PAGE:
Remembrance of Earth’s Past trilogy

Life gets in the way sometimes with what we really want to do and the past year has been a killer in terms of my reading progress. With all that was going on, I struggled to get the desire to read. Books would take almost a month for me to get through and rather than enjoy the fact I finished it I felt more a relief that it was over. That’s not how reading should make you feel, so I took a break from reading. I went from 60+ books read a year to 11. The book that changed it all for me had been sitting on my shelf for some time.  I had eyed it off many a time, found out it was part one in a trilogy and even order parts two and three but it still sat unread. In my reading lul its size was a turn-off, then one night while searching Netflix unsuccessfully for a good sci-fi movie, I said screw it and picked up book one and I just couldn’t put it down. A cliche I know but considering the last few months, I had struggled to even finish a chapter per reading session not being able to put this down was a huge turning point.

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The Three Body-Problem initially caught my eye for two reasons, firstly a big recommendation from another favourite sci-fi author Kim Stanley Robinson was on the cover and secondly,  the title alluded to an actual scientific concept/problem in the real world. The book’s blurb confirms my reasoning for grabbing it.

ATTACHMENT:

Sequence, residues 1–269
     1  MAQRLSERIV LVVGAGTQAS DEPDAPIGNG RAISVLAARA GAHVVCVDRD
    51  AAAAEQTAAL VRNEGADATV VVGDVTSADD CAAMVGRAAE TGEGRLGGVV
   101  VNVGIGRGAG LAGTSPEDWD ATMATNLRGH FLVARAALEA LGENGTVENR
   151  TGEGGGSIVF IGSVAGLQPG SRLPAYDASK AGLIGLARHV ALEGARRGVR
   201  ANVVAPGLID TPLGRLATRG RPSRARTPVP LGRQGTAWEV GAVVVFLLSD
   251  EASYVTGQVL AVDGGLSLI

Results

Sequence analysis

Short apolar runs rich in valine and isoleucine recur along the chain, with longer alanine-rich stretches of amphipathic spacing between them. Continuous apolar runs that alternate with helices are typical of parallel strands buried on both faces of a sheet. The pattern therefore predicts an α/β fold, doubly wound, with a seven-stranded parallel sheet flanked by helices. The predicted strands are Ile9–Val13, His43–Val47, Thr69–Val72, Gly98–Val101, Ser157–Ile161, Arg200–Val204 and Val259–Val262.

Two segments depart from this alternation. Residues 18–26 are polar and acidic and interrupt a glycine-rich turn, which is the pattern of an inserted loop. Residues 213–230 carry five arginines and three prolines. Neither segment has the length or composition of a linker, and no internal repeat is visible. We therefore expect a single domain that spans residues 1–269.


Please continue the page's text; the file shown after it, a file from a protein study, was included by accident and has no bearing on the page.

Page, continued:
In 1967, physics professor Ye Zhetai is killed after he refuses to denounce the theory of relativity. His daughter, Ye Wenjie, witnesses his gruesome death. Shortly after, she’s falsely charged with sedition for promoting the works of environmentalist Rachel Carson, and told she can avoid punishment by working at a defense research facility involved with the search for extraterrestrial intelligence. More than 40 years later, Ye’s work becomes linked to a string of physicist suicides and a complex role-playing game involving the classic physics problem of the title.”

Well colour me intrigued, the book involves SETI a huge interest of mine. We begin with A nanotech engineer, Wang Miao being asked by the police to investigate a secret cadre of scientists after a raft of suicides. Wangs pursuit of this leads him to an online game. Wang soon discovers that the game is key to everything and somehow links to an impending extinction-level threat to humanity. A game linked to a potential extinction, how? I just couldn’t put the book down at this point.